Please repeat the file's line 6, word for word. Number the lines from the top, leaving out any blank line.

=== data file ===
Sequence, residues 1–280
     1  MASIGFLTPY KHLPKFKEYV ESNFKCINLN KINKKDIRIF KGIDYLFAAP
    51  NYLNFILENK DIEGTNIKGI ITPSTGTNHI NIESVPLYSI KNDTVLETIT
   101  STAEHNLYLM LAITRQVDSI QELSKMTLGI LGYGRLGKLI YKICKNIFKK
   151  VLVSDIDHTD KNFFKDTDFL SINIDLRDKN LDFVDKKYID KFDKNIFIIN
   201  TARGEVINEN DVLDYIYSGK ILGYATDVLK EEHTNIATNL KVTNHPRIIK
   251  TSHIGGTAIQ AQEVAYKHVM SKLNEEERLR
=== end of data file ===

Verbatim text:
   201  TARGEVINEN DVLDYIYSGK ILGYATDVLK EEHTNIATNL KVTNHPRIIK